I enjoyed every minute of it, but I started feeling very guilty. None of the guys I knew did what I did. I wondered if something was wrong with me. (Sound familiar?)
But, I did not stop and I continued experimenting, while fine-tuning my femulating skills in the process. And that’s my story.
Wednesday, February 3, 2010
Ever since I began sashaying in shoes of stupendous height, all I ever heard was how bad they were. A parade of experts claimed that high heels caused one bad thing after another. They were the cause of all that was wrong with our feet, as well as being responsible for some of society’s ills as well.
Well, I have some good news for high heel fashionistas. Contrary to popular opinion, wearing high heels is good for your physique and your psyche, according to studies recently uncovered by Team Femulate.
In one study, a British doctor performed tests using special scales and the results indicate “that high heels throw the weight onto the heel rather than onto the toes… which eliminates slouching, produces more healthy breathing, and adds inches to the bust.”
"But the greatest effect is the psychological one," the doctor added, "...long legs are admired and the high heel gives the impression of greater leg length... a sensation of slimness."
In another study, British scientists gave high heels a clean bill of health. “Instead of being unhealthful, high heels are actually easier on the body than low ones. In spite of the present vogue of high heels, there is no evidence that corns, flat feet, or other disorders are increasing.”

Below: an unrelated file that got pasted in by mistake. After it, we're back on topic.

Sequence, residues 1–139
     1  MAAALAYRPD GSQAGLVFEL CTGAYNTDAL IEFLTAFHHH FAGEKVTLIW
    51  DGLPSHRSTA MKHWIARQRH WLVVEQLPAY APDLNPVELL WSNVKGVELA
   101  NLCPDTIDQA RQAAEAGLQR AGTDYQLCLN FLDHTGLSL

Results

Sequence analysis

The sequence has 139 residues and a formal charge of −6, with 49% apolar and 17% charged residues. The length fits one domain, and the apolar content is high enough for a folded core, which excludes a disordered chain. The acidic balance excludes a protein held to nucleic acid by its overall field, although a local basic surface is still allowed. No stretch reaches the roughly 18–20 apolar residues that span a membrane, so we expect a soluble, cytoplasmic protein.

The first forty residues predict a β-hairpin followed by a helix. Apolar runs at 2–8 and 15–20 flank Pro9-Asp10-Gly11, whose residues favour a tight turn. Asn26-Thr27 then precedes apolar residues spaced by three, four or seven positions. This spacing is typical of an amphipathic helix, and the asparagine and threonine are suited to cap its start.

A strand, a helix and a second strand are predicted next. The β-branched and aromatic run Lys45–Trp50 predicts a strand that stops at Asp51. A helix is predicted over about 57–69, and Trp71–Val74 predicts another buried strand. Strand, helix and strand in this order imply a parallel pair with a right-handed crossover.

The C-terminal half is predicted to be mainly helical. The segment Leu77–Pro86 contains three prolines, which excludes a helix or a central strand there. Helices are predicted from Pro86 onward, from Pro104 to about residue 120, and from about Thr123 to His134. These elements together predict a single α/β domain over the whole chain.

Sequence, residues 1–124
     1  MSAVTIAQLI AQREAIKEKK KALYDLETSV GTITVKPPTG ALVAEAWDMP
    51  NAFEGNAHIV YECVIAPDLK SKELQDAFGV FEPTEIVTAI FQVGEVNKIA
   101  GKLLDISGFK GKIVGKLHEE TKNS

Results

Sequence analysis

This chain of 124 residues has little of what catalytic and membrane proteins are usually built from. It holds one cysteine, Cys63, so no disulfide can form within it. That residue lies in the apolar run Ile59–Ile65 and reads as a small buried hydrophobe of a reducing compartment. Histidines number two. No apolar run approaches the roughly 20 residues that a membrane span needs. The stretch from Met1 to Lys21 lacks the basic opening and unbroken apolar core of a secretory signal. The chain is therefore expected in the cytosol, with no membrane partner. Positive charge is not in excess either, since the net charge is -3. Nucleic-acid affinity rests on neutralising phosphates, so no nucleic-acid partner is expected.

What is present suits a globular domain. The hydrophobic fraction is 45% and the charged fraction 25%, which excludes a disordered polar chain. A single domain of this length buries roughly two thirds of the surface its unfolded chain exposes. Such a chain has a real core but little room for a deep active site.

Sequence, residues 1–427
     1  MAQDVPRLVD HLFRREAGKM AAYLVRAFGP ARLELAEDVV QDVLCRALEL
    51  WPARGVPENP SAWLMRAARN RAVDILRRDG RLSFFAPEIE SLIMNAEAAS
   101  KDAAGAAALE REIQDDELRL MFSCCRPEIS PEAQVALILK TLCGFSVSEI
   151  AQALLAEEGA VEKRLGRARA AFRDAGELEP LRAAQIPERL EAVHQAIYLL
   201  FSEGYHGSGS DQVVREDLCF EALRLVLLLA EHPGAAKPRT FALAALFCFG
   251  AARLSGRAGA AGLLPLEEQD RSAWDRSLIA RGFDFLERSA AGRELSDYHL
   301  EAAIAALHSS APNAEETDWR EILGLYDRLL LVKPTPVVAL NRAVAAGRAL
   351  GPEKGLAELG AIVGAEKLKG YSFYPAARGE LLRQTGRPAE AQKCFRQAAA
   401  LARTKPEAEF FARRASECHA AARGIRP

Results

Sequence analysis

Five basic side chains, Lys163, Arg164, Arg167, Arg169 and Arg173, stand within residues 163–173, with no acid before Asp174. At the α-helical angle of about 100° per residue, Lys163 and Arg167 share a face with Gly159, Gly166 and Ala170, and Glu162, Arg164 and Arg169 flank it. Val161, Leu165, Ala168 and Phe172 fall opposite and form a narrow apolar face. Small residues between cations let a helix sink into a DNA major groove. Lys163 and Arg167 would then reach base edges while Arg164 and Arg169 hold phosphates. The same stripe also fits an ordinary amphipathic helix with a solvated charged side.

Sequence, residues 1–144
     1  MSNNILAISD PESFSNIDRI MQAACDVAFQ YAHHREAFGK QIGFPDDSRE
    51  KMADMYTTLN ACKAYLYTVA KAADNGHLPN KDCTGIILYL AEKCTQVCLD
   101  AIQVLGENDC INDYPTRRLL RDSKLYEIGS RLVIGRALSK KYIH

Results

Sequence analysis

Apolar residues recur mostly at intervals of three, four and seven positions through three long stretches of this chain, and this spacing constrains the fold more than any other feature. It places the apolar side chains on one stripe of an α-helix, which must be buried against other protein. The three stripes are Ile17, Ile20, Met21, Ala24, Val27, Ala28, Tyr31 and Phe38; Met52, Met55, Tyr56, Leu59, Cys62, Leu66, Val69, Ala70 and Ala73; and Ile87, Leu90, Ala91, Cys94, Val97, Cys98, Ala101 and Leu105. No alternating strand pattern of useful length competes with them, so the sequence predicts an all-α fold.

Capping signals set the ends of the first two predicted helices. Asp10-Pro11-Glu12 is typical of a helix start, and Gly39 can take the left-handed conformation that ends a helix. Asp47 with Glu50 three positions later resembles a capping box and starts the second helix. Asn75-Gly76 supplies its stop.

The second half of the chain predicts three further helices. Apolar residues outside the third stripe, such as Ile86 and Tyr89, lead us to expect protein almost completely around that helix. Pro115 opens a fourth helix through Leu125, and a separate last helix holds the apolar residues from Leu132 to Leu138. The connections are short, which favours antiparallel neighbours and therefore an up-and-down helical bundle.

Works for me!
Tuesday, February 2, 2010
To my astonishment, there were more women shopping at Home Depot than men. The majority of the Home Depot "associates" were women, too.
I felt a little out of place just like when I go shopping for girly things in a girly store while dressed in boy mode. It felt like every woman in Home Depot was watching me to see what girly product I would fondle. I could read their minds, "What is HE going to do with that Torx screwdriver?"
I was so paranoid that I used the automated self-check-out instead of going to a cashier (who were all women) to avoid the smirks and knowing looks that I was bound to receive while making my girly purchase.
Next time I shop at Home Depot, I will be sure to wear a dress, wig, makeup, and heels so I won't feel out of place.
Monday, February 1, 2010
It is a "souvenir" from Finocchio's, the world famous female impersonator club that operated in San Francisco during the last half of the 20th Century.
The "souvenir" is actually a folder intended to contain a photo of Finocchio's customers. A photographer would come around to each table in the club and ask customers if they wanted their photo taken. The results were delivered in this souvenir folder. By the way, there is a photo in the folder showing an unknown couple seated at a table in the club.
I estimate that this item is from the 1940s. I own a lot of Finocchio's ephemera (see it here) and it is the first Finocchio's souvenir photo folder I have ever encountered.